Saving Nepal’s only bovine in the seasonally dry sub-tropical Churia region

Large bovine with curved horns

The gaur, the world's largest bovine, is found in regions such as Chitwan National Park, Parsa National Park, and Trijuga valley in Nepal. Known for its large head, deep chest, and muscular shoulder ridge, the gaur adapts well to rugged terrains and dense forests if water sources are adequate. It is listed as a vulnerable species by the IUCN, with a population of 473 in Nepal as of 2019. However, habitat loss, forest fires, hunting, and climate change—including drought—are significant threats to its survival.

To address these threats, WWF Nepal and the Wildlife Adaption Innovation Fund are implementing a project focusing on improving water availability and reducing forest fire risks for gaurs in Parsa National Park. The project involves several key activities such as the construction and maintenance of a 1.2-acre artificial wetland, the restoration of a half-acre wetland, and the construction of a 6.2-mile fireline— strips of land that have been cleared of flammable vegetation, preventing uncontained fires from spreading further—to prevent habitat degradation.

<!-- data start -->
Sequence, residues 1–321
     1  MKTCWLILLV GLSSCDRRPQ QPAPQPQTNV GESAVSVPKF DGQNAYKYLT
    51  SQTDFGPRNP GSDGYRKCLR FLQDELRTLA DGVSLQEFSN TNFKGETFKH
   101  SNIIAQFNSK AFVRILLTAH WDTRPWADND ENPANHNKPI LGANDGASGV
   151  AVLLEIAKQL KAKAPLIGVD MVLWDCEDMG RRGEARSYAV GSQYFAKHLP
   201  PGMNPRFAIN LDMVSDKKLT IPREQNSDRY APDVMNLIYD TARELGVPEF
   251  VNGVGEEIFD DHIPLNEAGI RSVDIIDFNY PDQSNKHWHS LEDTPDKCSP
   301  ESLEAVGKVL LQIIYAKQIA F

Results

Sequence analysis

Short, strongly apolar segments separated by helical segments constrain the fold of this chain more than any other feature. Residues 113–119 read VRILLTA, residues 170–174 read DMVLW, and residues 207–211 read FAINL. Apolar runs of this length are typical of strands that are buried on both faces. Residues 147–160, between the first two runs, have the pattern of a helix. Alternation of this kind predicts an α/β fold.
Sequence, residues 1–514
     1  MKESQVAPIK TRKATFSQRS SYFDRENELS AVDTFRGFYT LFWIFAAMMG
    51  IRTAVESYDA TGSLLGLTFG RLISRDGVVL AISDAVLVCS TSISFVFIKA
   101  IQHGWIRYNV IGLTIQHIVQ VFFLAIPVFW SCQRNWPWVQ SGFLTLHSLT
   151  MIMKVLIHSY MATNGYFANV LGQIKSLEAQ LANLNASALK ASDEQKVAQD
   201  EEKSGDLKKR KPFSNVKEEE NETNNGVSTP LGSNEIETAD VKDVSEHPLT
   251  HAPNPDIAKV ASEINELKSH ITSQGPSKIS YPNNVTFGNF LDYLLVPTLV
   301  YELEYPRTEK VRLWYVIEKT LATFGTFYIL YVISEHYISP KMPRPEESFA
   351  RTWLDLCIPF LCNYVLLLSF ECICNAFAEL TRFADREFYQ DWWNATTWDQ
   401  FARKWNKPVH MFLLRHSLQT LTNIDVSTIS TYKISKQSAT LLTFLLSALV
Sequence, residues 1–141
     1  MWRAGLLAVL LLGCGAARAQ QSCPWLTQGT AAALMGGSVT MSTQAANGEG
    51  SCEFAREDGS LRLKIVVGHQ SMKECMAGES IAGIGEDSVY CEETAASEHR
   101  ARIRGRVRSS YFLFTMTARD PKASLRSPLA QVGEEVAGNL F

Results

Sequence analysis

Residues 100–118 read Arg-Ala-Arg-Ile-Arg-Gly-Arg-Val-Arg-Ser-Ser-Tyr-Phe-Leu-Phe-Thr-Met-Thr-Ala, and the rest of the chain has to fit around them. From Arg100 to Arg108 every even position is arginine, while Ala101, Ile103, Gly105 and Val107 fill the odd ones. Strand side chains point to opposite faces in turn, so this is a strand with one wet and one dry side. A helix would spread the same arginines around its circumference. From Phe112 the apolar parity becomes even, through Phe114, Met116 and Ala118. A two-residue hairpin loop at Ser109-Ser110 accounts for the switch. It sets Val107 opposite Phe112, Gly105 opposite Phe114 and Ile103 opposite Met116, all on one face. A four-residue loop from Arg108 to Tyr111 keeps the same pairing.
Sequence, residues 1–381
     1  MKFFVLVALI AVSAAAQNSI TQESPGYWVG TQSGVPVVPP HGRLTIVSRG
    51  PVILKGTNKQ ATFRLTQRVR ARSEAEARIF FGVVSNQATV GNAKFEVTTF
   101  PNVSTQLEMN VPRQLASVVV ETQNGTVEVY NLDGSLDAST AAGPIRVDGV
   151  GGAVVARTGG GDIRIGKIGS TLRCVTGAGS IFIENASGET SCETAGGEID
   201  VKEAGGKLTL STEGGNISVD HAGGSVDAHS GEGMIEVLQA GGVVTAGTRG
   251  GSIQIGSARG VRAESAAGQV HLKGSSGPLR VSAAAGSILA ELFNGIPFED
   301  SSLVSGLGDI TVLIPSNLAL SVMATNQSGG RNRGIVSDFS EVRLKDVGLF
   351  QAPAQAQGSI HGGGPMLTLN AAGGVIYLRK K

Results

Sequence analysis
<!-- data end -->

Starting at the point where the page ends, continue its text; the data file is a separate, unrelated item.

The project aims to enhance the habitat for gaur and other species like tigers by ensuring water availability and minimizing forest fires in one of the driest protected areas in the region. Creating a more suitable habitat for these animals means they will also be less likely to encroach into human settlements in search of water. The successful outcomes of this project could lead to its expansion across the Churia range, supporting wildlife in other protected areas facing similar challenges. By addressing water scarcity and fire risks, the project seeks to create a more resilient environment for the gaur under changing climate conditions.